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This Homemade Pasta Has A Fermented Secret Ingredient

Eliza Sullivan
December 13, 2020
Eliza Sullivan
mbg Nutrition & Health Writer
By Eliza Sullivan
mbg Nutrition & Health Writer
Eliza Sullivan is a food writer and SEO editor at mindbodygreen. She writes about food, recipes, and nutrition—among other things. She studied journalism at Boston University.
Fresh Homemade Ravioli Covered in Flour
Image by Vera Lair / Stocksy
December 13, 2020
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Let's quickly make one thing clear: Pasta can totally be part of a healthy diet, whether you're opting for a modern healthier pasta or a longtime classic favorite. But making your own pasta is actually...pretty easy. It takes a bit of patience and elbow grease but only a few ingredients—and the final product will probably taste even better than your most favorite prepacked product.

Not only that, but it's an opportunity to add unique flavors that complement your favorite sauce to your pasta dough itself—but there's another ingredient you could be adding that gives the added benefits of making pasta a bit more palatable to your gut: sourdough starter.

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This recipe, from the upcoming cookbook Sourdough Every Day by Hannah Dela Cruz, harnesses your quarantine hobby as a key component in the five-ingredient mix: "Equal proportions of semolina flour and all-purpose flour result in a tender pasta with a tasty little tang that's easier to digest than other fresh pastas because of the sourdough discard," she explains.

As with any fermented product, the longer you let it hang, the more fermentation benefits you'll get—so while you can use the dough after only a couple of hours' rest time, it can be left to ferment for up to a full 24 hours. "Fermented or not, though, the sourdough adds a complexity of flavor that is delicious with any pasta sauce," writes Dela Cruz. We're willing to bet it'd match up well with this easy pesto, in particular.

Semolina Egg Pasta

Serves 4


  • 1 cup (120 g) all-purpose flour
  • 1 cup (120 g) fine semolina flour
  • 1 tsp. kosher salt
  • ½ cup (113 g) sourdough discard
  • 2 large eggs
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  1. In a large bowl, combine the all-purpose flour, semolina flour, and salt. Make a well in the center and add the sourdough discard and eggs. Using a fork, break up the egg yolks and incorporate the flour, little by little, until a paste forms.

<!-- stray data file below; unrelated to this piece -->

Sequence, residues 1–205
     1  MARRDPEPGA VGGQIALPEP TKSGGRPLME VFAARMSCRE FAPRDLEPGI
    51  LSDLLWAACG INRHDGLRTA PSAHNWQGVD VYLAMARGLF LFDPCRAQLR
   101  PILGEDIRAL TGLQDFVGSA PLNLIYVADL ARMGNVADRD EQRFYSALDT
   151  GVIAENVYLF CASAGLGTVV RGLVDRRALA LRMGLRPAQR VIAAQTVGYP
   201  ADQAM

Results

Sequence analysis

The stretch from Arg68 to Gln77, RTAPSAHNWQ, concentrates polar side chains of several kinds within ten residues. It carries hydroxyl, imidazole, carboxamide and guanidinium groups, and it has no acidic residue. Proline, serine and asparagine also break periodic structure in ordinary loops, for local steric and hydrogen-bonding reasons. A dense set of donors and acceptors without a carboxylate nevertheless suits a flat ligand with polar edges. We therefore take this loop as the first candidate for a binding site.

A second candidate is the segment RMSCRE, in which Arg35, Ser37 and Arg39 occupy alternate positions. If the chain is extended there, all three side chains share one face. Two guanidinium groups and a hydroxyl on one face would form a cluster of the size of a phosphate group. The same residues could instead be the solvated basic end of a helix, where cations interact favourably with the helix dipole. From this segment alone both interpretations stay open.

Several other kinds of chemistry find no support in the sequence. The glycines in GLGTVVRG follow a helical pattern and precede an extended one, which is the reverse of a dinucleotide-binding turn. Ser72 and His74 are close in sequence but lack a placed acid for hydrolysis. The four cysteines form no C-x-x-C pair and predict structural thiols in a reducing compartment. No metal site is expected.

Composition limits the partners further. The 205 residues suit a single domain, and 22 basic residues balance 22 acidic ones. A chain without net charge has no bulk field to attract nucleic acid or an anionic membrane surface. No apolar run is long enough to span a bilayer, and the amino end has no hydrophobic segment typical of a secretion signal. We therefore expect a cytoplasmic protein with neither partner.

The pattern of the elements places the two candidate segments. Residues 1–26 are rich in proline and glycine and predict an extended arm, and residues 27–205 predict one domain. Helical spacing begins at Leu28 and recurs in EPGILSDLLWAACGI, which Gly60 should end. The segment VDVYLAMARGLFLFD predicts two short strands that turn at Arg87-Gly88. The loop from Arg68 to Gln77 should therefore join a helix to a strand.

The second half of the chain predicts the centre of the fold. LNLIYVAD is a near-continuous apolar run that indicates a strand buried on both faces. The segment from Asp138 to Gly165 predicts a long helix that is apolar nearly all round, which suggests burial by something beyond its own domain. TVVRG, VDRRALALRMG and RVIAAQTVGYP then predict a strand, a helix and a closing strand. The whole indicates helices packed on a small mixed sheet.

2. Turn the dough out onto a work surface and continue adding any unincorporated flour until your mixture forms a ball of dough. It may take a few minutes until all the flour is hydrated and you have a cohesive dough.
  3. Once your dough forms, knead it for about 10 to 15 minutes, until it appears smooth and elastic with only a few cracks. Kneading your dough will impart structure to your pasta and ensure your noodles will not break apart when cooked.
  4. Cover the dough with plastic wrap and allow it to rest at room temperature for at least 2 hours. After this initial rest period, you can take advantage of the fermentation benefits of sourdough by placing your wrapped pasta dough in the refrigerator and allowing it to ferment for up to two days. Or you can cut the dough right after its 2-hour rest.
  5. When you're ready to cut your pasta, sprinkle a generous amount of flour on a large baking sheet and set it aside.
  6. Use a sharp knife to cut your dough into four equal portions. Place one wedge on a floured work surface and immediately wrap the remaining three in plastic wrap to prevent them from drying out. Using a rolling pin, roll the dough wedge into a rectangle that is thin enough to go through the widest setting on your pasta machine.
  7. Liberally flour the dough and feed it through your pasta machine on its widest setting. When the sheet comes out, fold it into thirds. Repeat once or twice more. Then continue to feed the dough through the machine as you gradually reduce the settings, one pass at a time, until you get to the third thinnest setting.
  8. Dust the dough with more flour if it feels sticky as you go; and if your dough gets too long to handle, simply use a knife to cut the dough in half. Set the rolled-out pasta dough on the prepared baking sheet and cover it with plastic wrap to prevent it from drying out. Repeat this process with the rest of the dough portions.
  9. Attach the cutter attachment to your pasta machine (chose any size noodles you like). Liberally flour one sheet of pasta and carefully feed it through the cutter attachment. Once cut, dust the noodles with flour to prevent them from sticking together. Swirl the noodles into a nest and return them to the floured baking sheet. Repeat until all the pasta sheets have been cut.
  10. Cook the pasta in a pot of well-salted boiling water for 90 seconds. You can also freeze the uncooked pasta nests uncovered for 30 minutes, and then transfer them to the zip-top bag. They will keep for up to 1 month. You don't need to adjust the cooking time when preparing frozen pasta.
Reprinted with permission from Sourdough Every Day by Hannah Dela Cruz, Page Street Publishing Co. 2020. Photo credit: Gaby J.
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Eliza Sullivan author page.
Eliza Sullivan
mbg Nutrition & Health Writer

Eliza Sullivan is an SEO Editor at mindbodygreen, where she writes about food, recipes, and nutrition—among other things. She received a B.S. in journalism and B.A. in english literature with honors from Boston University, and she has previously written for Boston Magazine,, and SUITCASE magazine.